Failing to Increase Your Contributions As Your Pay Rises
This is America. If you’re reading this, chances are good that you make enough money to eat and keep a roof over your head. Yes, our expenses rise over time due to inflation and family changes, such as the addition of children. But it’s safe to say that if you were able to survive on the income you earned last year, you should be able to survive on the same amount this year and do so comfortably.
So, as you get salary bumps, try to continue living on your old salary and use the raise to increase your 401k contribution. You don’t have to eat ramen noodles or sell blood to make ends meet. Just avoid lifestyle creep, and you can get a lot closer to maxing out your 401k plan.
I know, I know. That new car is just begging you to buy it. But you can stretch another year out of your old car, and 20 years from now, when you look down at your 401k balance, you’ll be happy you did.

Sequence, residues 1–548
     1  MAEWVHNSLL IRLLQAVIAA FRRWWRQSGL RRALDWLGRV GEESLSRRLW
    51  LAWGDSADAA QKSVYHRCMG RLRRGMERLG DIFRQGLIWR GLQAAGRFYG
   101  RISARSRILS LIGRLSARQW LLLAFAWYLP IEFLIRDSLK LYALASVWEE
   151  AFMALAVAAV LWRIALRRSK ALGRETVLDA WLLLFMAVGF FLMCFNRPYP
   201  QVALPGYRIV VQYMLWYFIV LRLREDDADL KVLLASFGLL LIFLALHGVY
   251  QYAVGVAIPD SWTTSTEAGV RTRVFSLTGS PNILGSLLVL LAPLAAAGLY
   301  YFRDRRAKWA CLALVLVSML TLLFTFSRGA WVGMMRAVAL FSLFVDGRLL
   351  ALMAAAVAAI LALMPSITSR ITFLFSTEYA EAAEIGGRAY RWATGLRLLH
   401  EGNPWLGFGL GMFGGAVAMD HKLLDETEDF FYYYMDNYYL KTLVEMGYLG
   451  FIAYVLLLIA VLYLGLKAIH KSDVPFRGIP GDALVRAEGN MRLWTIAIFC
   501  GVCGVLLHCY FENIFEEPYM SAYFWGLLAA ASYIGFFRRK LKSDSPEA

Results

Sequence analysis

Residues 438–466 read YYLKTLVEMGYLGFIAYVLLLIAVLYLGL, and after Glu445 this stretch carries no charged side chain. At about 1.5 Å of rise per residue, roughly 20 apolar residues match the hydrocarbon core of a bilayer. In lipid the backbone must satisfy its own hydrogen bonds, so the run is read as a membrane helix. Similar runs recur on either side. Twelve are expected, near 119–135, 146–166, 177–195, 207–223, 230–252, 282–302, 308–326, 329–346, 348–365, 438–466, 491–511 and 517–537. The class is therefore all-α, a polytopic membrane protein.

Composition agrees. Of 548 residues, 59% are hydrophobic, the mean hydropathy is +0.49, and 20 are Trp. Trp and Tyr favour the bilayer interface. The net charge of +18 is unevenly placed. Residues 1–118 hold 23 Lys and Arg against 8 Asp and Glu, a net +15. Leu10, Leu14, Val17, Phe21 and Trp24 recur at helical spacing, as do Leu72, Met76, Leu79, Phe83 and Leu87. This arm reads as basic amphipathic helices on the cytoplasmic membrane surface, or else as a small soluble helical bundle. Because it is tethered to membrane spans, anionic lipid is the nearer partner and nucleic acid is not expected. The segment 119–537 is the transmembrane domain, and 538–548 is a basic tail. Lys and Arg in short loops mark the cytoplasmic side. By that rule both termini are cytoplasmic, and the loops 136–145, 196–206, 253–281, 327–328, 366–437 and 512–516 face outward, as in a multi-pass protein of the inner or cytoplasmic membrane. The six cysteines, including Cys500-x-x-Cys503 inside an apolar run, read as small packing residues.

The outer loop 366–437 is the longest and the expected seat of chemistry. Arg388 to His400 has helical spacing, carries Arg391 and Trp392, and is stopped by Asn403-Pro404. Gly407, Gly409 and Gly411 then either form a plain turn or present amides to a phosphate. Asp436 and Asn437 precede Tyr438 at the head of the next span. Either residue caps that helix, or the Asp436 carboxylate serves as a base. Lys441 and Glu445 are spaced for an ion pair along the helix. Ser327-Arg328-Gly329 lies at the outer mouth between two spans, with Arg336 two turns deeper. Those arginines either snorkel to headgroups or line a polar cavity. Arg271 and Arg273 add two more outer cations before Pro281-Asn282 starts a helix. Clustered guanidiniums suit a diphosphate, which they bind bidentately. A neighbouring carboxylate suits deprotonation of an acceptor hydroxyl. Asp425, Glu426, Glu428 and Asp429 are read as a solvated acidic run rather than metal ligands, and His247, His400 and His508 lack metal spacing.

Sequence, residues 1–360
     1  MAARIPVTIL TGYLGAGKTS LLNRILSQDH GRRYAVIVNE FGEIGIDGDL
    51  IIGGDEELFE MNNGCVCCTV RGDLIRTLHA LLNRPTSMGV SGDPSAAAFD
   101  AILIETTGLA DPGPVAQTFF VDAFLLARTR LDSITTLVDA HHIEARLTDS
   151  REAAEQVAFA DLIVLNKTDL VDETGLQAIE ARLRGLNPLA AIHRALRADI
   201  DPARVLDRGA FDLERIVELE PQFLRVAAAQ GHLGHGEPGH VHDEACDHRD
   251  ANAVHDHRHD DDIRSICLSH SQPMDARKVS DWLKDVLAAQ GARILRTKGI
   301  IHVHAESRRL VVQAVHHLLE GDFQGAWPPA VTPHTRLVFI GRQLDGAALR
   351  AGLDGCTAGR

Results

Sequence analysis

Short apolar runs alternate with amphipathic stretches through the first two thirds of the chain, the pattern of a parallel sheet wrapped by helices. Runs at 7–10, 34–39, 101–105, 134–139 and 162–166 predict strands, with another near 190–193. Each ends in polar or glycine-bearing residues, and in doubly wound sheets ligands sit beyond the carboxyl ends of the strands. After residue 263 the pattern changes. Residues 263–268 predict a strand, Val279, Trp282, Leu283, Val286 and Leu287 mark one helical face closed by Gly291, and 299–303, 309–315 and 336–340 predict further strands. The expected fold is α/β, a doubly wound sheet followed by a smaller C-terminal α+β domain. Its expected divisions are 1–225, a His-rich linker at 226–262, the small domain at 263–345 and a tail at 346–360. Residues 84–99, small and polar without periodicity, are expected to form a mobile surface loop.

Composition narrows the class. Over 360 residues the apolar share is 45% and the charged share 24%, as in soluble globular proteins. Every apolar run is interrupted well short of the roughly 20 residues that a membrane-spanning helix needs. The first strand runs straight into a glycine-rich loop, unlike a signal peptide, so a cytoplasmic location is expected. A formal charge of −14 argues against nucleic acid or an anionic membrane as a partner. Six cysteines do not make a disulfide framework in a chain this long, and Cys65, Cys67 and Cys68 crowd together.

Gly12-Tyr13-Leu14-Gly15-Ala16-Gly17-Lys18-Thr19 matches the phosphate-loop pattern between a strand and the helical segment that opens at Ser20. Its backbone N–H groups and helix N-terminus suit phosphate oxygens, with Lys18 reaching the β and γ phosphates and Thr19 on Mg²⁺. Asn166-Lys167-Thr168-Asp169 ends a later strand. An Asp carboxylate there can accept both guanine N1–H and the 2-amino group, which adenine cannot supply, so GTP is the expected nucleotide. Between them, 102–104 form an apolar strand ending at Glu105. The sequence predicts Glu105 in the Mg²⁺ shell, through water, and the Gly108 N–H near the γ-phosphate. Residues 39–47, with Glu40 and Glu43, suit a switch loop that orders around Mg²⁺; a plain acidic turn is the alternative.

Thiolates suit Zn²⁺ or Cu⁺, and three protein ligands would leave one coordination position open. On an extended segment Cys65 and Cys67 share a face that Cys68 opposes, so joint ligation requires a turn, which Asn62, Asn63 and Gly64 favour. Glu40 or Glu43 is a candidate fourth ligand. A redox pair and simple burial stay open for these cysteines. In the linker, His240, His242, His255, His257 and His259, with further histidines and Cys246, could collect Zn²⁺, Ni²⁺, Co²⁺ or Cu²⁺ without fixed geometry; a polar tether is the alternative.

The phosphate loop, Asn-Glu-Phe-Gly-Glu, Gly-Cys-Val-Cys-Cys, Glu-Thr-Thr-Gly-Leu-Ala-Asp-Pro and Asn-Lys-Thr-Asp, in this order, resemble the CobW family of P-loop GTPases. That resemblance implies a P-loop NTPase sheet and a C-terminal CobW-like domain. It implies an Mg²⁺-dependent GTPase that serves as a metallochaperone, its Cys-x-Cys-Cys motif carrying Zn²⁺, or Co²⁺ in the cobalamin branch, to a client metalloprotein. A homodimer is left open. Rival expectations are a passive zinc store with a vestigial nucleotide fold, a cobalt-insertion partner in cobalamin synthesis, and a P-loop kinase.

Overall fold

Taking Premature Distributions
Thus far, I’ve focused on mistakes associated with not saving enough. But sometimes, life throws you little curveballs and you find yourself with larger-than-expected medical bills or some other kind of emergency.
Should that happen to you, you should move heaven and earth before you take a premature distribution from your 401k plan. In addition to income taxes you would owe, you’ll also get slapped with a 10% early withdrawal penalty. By the time the penalties and taxes are paid, there isn’t likely to be a lot left to pay for your emergency.